The Legend of Snooty

Snooty on his 64th birthday on Saturday July 21, 2012. (Herald-Tribune Staff Photo by Thomas Bender)

Among all the celebrities who died in 2017 – including the likes of Chuck Berry, Hugh Hefner, Jerry Lewis, Mary Tyler Moore and Edith Windsor – there is a special place for Snooty, a male Florida manatee who lived at the South Florida Museum’s Parker Manatee Aquarium in Bradenton. When Snooty died, two days after his 69th birthday, he was the oldest manatee in captivity or, indeed, anywhere else. For example, the average life span of a wild manatee is only 40 years.

The life of Snooty is a classic Florida story. In 1948 Samuel J. Stout, owner of the Miami Aquarium and Tackle Company, purchased a female manatee, Lady, not realizing that she was pregnant. On July 21, Lady gave birth to a male calf Stout named Baby. Because the permit from the State of Florida only allowed Stout to own one manatee, Stout eventually gave Baby away to the South Florida Museum in Bradenton, the largest city and county seat of Manatee County. On June 20, 1949 Baby moved to the South Florida Museum, where he lived the rest of his life, and into a 3,000 gallon tank built specially for him. Baby was renamed Baby Snoots, possibly inspired by the Fanny Brice character Baby Snooks but, as he got older, he became known as Snooty.

In 1966 the South Florida Museum and Aquarium moved into its current location, where a new 9,000 gallon pool was built for Snooty’s disposal. For the rest of his life, Snooty shared his tank with one or two temporary roommates, manatees who lived in the aquarium while they recovered from illness or accidents. Though his roommates eventually returned to the wild, Snooty remained in captivity. Because he was hand reared from birth, it was decided that Snooty would never be able to survive in the wild. Snooty remained in his watery prison, the official mascot of Manatee County, where he received unique hands-on attention from the Aquarium staff and the affection of many generations of visitors. Snooty was unusually smart, and he was able to remember the voices of his former keepers as well as training behaviors that he learned when was only a year old.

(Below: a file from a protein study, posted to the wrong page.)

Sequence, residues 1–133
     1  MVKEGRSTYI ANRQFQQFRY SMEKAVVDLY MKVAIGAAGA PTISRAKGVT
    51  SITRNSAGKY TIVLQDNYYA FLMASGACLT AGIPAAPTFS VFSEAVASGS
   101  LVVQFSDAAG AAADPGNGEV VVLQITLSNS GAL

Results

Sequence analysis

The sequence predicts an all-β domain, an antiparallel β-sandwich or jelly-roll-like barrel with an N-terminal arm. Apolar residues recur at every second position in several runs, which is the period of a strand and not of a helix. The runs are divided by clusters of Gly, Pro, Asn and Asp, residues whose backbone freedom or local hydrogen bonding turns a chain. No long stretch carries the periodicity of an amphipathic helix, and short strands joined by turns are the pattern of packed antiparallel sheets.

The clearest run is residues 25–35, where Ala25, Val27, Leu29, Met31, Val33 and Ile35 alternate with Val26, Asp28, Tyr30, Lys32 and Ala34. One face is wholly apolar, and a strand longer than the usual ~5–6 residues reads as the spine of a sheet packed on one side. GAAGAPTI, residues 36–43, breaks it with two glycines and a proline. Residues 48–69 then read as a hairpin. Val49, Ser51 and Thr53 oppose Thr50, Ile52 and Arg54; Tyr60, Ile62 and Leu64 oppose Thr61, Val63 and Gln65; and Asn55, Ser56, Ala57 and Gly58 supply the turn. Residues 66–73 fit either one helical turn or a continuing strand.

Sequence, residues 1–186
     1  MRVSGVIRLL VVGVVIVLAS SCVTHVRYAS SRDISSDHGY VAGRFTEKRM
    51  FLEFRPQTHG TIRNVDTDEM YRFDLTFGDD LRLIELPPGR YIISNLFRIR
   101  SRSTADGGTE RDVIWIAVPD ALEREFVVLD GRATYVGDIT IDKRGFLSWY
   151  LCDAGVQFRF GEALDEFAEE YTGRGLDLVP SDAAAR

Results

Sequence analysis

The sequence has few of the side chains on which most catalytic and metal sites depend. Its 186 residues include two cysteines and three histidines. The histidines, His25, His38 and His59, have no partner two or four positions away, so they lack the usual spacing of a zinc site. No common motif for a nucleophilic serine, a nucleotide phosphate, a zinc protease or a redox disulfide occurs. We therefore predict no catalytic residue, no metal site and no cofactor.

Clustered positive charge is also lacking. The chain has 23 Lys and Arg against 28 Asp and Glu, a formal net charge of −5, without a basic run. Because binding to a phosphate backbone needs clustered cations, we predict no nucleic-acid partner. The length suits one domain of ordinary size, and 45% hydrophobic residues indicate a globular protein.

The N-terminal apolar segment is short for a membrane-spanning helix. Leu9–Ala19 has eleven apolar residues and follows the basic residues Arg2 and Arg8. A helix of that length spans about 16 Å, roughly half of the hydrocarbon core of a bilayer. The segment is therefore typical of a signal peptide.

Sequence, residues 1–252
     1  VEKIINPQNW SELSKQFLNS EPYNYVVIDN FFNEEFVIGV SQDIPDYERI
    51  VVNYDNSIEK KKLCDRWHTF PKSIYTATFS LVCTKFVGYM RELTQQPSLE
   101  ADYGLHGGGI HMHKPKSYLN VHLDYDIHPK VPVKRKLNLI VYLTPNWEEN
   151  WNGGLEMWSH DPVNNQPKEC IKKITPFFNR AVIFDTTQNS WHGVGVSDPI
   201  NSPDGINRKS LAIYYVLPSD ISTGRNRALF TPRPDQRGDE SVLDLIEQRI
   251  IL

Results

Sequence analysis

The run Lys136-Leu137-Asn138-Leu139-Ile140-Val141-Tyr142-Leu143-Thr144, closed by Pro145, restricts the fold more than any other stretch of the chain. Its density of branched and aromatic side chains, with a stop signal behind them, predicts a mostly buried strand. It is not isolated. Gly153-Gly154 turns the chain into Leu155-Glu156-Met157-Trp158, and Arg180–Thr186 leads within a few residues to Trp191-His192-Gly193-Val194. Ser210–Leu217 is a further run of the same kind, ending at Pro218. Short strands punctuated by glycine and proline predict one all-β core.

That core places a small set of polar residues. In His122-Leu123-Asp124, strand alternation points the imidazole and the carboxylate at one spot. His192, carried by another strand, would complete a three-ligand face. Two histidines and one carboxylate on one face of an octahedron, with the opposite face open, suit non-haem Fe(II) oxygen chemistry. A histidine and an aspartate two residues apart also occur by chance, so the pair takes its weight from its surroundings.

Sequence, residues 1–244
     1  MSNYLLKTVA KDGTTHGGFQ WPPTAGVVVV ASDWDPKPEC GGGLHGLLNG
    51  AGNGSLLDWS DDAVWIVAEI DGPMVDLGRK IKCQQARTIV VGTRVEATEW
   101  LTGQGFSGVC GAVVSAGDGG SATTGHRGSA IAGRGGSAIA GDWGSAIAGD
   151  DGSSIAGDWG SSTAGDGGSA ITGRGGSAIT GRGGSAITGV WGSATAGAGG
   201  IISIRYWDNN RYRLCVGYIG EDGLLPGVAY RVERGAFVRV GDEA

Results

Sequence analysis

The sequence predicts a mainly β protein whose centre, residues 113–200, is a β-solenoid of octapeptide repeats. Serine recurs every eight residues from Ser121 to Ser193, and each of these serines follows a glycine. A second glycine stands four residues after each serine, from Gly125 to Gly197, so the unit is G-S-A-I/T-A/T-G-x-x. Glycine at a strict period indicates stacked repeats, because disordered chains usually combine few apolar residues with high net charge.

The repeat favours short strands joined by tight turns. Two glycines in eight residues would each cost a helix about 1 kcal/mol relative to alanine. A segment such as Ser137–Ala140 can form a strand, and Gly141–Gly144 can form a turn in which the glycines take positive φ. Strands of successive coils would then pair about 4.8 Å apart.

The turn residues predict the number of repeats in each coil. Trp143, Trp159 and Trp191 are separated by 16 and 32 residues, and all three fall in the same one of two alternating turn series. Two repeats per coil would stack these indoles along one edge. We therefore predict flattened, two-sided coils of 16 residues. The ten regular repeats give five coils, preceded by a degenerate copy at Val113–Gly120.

I met Snooty about a decade ago, when my late partner Michael Greenspan and I visited a friend in Bradenton and took the opportunity to visit Bradenton’s most famous resident. To all of us present, Snooty was a celebrity, and the aquarium gave him the attention normally reserved for famous humans. I remember a docent taking us around the aquarium, telling us Snooty’s unique life story before he introduced us to Snooty himself, as big as life, feasting on lettuce leaves. Since it was Snooty’s birthday, the Aquarium staff gave him a birthday cake made of vegetables and fruits while everyone sang “Happy Birthday to You.” Manatee County school children, proud of their local attraction, presented Snooty with hand-drawn birthday cards. Though Snooty shared his tank with two temporary roommates, there was not much interaction between them. Perhaps he knew that they would leave, and that he would stay. It was sad, a wild animal who, due to circumstances, was forced to live his life in an indoor tank.

On July 23, 2017, two days after he turned 69, Snooty died. According to a final report issued by the South Florida Museum, “Snooty died when an access panel blocking an underwater plumbing area in his habitat came off at some point on the night of July 22 or the morning of July 23 and that Snooty swam into the opening, was unable to get out and drowned.” The younger, smaller manatees were able to go in and out but Snooty, due to his size, was not able to do so. The Museum investigated and concluded that Snooty’s death could have been prevented. Perhaps it was a blessing. Though Parker Manatee Aquarium continues to house manatees, they are only temporary residents.

The South Florida Museum, and its Parker Manatee Aquarium, is located at 201 10th Street West in Bradenton. For more information visit

Jesse’s Journal
by Jesse Monteagudo


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